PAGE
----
Meade Lux Lewis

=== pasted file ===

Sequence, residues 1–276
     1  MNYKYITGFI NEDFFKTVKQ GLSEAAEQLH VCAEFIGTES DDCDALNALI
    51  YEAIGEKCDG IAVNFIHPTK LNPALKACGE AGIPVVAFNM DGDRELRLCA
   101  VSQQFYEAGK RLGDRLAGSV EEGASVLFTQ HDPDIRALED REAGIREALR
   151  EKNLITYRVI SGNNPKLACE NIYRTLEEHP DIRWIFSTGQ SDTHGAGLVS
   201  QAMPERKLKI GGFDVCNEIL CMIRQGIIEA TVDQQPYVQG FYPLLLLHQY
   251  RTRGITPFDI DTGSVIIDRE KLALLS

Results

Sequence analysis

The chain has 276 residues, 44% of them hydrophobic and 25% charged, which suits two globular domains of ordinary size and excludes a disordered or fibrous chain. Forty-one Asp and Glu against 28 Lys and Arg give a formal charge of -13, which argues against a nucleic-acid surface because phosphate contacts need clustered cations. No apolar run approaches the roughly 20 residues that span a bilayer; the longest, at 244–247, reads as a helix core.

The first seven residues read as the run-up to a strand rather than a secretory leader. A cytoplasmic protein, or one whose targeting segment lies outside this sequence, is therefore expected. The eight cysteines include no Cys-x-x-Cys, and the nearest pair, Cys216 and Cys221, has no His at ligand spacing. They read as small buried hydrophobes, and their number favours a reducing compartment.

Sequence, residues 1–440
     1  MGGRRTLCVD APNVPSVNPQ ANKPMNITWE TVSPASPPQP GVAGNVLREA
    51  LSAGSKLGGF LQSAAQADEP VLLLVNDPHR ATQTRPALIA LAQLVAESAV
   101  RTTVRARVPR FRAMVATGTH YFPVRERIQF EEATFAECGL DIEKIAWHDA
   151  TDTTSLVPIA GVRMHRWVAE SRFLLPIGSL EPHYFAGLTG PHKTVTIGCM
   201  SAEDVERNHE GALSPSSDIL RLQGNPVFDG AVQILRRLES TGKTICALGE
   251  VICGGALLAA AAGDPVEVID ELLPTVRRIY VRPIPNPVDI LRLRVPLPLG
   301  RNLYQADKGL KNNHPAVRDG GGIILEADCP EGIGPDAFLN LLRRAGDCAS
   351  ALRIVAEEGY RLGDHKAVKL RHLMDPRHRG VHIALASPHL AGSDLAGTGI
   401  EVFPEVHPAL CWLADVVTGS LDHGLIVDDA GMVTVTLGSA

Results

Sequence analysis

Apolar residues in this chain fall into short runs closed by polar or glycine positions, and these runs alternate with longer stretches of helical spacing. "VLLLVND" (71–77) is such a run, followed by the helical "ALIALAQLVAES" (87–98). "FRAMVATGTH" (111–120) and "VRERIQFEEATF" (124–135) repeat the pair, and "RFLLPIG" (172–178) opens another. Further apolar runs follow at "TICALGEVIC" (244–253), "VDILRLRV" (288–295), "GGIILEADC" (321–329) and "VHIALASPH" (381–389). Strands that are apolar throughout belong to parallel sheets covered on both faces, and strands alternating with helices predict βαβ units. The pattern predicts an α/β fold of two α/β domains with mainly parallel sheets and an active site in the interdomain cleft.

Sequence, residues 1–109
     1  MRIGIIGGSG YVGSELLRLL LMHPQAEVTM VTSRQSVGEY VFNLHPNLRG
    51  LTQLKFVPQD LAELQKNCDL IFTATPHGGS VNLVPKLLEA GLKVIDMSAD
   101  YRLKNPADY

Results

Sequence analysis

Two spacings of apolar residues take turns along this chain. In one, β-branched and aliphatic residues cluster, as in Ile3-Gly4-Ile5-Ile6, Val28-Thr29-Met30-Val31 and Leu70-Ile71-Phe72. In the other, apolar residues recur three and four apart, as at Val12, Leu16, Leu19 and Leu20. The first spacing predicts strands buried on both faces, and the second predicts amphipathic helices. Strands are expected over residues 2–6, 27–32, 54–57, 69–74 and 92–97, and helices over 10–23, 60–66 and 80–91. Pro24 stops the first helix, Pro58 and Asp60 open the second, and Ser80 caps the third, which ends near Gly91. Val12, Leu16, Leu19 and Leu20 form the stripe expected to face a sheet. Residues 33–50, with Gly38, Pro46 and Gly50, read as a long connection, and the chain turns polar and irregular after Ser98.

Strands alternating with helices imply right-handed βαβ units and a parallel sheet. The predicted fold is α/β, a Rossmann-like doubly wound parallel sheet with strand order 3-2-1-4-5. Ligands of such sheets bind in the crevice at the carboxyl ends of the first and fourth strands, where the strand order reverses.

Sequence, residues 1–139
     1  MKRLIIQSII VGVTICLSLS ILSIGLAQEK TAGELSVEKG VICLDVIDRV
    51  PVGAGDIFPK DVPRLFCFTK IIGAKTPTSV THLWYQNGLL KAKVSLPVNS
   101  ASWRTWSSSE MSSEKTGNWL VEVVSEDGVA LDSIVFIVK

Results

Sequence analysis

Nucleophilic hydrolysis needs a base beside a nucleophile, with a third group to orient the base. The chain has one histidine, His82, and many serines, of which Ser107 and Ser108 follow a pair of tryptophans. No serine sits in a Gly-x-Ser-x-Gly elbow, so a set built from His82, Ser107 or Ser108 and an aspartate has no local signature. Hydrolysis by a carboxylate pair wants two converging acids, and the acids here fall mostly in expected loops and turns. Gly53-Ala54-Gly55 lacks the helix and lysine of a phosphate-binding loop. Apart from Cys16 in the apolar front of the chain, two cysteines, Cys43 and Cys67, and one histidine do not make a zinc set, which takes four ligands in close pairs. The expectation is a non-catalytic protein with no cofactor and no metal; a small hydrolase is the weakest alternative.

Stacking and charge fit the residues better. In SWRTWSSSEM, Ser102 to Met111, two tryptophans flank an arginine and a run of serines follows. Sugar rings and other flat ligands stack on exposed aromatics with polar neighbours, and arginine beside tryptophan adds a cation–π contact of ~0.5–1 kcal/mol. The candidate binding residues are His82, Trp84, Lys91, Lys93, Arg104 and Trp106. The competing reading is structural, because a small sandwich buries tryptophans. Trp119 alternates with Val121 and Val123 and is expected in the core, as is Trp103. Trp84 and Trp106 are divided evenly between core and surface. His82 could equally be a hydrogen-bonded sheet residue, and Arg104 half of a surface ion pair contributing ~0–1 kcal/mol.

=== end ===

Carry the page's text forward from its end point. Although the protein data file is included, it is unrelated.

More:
b. 4 September 1905, Chicago, Illinois, USA, d. 7 June 1964. Although he was popular in Chicago bars in the '20s, Lewis was little known elsewhere and made his living running a taxicab firm with fellow-pianist Albert Ammons. A record he made in 1927, Honky Tonk Train Blues, but which was not released until 1929, eventually came to the attention of John Hammond some half-dozen years later. Encouraged by Hammond and the enormous success of Honky Tonk Train Blues, which he re-recorded in 1936 (and later), Lewis became one of the most popular and successful of the pianists to enjoy fleeting fame during the boogie-woogie craze. With Ammons and Pete Johnson, billed as the Boogie Woogie Trio, he played at Hammond's Carnegie Hall ‘Spirituals to Swing’ concert and at many top New York clubs. Later resident in Los Angeles, Lewis continued to record and tour and make records. From the mid-'30s onwards, Lewis often played celeste and such records, together with those he made in the early '40s with Edmond Hall's Celeste Quartet, where the remaining members of the group were Israel Crosby and Charlie Christian, showed him to be much more versatile than his mass audience appeared to assume. Meade died following a road accident in 1964.
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